I was horrified to learn I am paid less than male colleagues - how do I reduce the gap?
Q With all the talk about the gender pay gap in the news recently, I started to wonder if my pay was on a par with my male colleagues so I did a bit of asking around.
I was horrified to find out that not only was my pay substantially less than my male counterparts, it was also fairly significantly less than one more junior male member of my team - a person who I manage. I have found it hard to bite my tongue. but I have no idea how to tackle the issue as we do not have pay scales in work and I only found out the differences as I started asking. How should I broach this with my boss?
A: I can imagine this was a great shock and I would hope that, in this day and age, you are in a minority as many companies have started to address gender pay differences and are being proactive in ensuring that pay scales are in place.
There should be no discrepancies between male and female workers in the same role and I would suggest all companies review pay to ensure there are no obvious gaps. The safest way is to tie in pay scales directly to market value for the role at hand, which leaves a narrow range for negotiation and addresses unfair pay gaps.
Organisations should conduct annual pay-equity analysis to ensure pay is in line with relevant variables such as market value, employee experience, annual performance reviews, etc.
Some companies are introducing total 'pay transparency', which allows everyone to be aware of what their counterparts are earning; forcing organisations to establish a meritocracy so those who are most productive get paid the most. Some tech companies are already implementing these strategies and I think this will soon become the norm.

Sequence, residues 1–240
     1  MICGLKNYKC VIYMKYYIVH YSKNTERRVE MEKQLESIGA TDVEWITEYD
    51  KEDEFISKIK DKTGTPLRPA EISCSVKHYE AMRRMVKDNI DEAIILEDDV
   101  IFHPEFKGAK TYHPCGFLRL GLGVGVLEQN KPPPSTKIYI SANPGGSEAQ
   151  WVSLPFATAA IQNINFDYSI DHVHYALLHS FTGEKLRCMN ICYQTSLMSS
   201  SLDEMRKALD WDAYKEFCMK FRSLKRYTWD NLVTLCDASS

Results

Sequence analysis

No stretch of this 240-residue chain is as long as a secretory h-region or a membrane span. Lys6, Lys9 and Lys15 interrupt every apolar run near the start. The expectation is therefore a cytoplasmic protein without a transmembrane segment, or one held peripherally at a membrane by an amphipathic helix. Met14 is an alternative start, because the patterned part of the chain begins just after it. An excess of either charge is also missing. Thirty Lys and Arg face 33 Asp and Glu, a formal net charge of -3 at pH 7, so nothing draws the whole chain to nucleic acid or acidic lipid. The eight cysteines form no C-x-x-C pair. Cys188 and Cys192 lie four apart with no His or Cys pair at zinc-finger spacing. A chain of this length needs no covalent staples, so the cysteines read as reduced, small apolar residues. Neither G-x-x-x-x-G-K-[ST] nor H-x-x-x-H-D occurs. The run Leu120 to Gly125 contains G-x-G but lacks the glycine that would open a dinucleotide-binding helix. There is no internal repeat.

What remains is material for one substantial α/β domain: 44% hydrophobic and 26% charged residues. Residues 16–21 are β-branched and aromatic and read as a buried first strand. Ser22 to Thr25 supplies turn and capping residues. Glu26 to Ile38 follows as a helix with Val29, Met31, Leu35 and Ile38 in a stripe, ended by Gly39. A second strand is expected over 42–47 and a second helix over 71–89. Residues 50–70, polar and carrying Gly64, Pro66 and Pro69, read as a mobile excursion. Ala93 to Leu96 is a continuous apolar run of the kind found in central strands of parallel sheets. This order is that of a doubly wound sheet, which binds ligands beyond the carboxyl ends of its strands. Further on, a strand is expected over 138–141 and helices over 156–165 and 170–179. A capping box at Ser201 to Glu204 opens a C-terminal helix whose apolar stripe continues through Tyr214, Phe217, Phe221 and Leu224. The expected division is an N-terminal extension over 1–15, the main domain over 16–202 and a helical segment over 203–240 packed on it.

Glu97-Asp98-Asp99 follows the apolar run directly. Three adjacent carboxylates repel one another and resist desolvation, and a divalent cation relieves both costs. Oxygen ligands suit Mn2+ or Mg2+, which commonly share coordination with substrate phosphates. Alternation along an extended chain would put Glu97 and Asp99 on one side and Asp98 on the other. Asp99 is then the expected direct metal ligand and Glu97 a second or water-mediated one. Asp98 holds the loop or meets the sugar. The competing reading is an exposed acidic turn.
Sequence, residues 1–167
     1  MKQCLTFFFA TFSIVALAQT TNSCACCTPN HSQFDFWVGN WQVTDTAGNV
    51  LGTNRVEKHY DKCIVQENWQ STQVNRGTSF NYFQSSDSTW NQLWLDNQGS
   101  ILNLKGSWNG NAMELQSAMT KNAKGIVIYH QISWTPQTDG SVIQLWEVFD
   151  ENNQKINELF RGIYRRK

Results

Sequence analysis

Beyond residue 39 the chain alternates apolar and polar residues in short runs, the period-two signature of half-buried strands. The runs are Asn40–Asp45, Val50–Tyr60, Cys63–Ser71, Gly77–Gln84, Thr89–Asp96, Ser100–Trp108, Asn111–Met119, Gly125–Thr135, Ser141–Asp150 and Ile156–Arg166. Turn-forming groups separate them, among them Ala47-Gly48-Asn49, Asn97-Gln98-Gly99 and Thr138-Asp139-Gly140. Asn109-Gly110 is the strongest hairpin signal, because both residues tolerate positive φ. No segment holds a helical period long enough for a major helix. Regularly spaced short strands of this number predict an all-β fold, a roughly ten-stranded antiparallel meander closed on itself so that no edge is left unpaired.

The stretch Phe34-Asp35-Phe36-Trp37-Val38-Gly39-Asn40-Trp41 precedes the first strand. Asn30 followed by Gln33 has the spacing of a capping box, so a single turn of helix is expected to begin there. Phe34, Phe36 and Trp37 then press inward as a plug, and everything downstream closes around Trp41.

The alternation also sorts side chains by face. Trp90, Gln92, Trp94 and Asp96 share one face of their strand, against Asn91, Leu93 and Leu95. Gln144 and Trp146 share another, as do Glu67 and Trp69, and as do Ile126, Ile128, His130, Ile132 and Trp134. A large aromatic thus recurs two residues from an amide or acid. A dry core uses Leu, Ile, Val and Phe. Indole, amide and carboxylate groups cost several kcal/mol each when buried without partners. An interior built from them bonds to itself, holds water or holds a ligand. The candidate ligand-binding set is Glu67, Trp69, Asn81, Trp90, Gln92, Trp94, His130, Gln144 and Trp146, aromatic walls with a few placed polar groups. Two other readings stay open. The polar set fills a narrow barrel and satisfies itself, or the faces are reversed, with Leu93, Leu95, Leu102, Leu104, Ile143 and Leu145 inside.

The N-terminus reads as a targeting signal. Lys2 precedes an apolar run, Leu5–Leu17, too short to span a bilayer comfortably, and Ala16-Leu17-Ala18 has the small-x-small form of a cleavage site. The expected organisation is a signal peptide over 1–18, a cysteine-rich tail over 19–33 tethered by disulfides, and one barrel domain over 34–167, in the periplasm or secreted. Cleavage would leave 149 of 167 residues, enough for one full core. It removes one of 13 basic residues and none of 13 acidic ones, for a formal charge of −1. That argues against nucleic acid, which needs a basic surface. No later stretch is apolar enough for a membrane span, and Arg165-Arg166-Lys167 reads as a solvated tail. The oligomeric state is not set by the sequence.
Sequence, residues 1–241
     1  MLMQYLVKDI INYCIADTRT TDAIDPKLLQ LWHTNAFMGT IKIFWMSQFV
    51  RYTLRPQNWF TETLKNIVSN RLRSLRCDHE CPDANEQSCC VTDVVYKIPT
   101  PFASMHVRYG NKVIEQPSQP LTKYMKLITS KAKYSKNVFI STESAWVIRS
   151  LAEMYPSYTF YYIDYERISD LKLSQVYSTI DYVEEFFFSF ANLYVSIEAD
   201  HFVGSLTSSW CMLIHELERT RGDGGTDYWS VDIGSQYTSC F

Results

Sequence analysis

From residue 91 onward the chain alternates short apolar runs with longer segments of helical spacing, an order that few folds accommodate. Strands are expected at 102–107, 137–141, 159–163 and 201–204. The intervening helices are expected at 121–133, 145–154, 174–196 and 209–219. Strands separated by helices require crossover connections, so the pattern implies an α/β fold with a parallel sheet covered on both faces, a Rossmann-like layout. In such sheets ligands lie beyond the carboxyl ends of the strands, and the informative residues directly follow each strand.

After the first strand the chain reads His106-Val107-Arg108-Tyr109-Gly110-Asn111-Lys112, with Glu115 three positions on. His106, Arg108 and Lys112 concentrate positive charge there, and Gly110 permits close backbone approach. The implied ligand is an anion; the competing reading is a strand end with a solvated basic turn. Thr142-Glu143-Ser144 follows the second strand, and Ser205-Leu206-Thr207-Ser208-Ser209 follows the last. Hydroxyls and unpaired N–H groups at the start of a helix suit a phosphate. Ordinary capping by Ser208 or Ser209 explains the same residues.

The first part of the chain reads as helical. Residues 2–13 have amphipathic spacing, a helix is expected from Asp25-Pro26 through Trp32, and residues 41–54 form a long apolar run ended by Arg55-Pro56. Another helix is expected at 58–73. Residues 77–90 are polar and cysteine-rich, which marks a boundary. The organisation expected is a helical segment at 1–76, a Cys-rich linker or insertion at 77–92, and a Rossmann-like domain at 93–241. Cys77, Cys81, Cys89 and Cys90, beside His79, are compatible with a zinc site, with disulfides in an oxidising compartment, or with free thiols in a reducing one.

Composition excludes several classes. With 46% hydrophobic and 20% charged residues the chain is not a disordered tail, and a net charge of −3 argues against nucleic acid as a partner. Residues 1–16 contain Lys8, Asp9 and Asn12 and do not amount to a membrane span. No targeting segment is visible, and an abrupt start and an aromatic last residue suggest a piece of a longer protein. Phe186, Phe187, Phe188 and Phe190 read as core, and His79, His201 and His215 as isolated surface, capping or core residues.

However, in the meantime, here are some pointers to consider when broaching a discussion with your employer:
Research: Conduct basic research to find out market rates in similar job roles so you can address the difference between manager and subordinate.
Know your worth: Be ready for a discussion around your worth. Be ready to list your achievements and consider what you've done to meet objectives, new initiatives you brought to the table, and projects you managed - they are all your unique selling points (USPs) that others may not have put their hands up to take on!
Establish ground: Think about the final figure you feel is equitable. You can start the discussion on a slightly higher figure, as often a company will want to negotiate to meet in the middle.
Discuss: Ask your employer to highlight the comparators and assess why there is a difference in pay between you and male counterparts.
Then down sit with your manager to discuss how to redress the situation. Stay focused to making the best possible case to your boss without getting flustered or losing your point -always be professional and clear in this type of discussion.
Negotiate: It is not a key strength for everyone but do not be deterred by entering into a negotiation around your salary - if it does not sit well with you as a proper compensation then don't accept the first figure put on the table.
Remove emotion: Always remain calm and collected -this is no time for emotional reactions even after discovering a discrepancy in pay rates.
Practise your pitch before the discussion if you need to and think about the likely responses you may get. You need to put forward convincing factual points, especially if you are presenting information around what others are being paid. Be able to back this up when asked.
This is not the time to threaten to leave or disrupt the current state of play (they could call your bluff) - this is the time to show how you can deal with a pressurised situation in a calm manner.
Think of it as a business case to your employer as to why you should have a comparative salary to someone in a similar role contributing a similar level of work.
For some companies it will take time to educate them when it comes to pay gaps or differences but as a manager you need to highlight that you only have their best interest at heart as you want them to be recognised as an employer of choice in the region with a productive and happy workforce all working in a very fair and equitable environment.
Michelle Murphy is Director of Collins McNicholas, Recruitment & HR Services Group, which has offices in Dublin, Cork, Galway, Sligo, Athlone and Limerick
Sunday Indo Business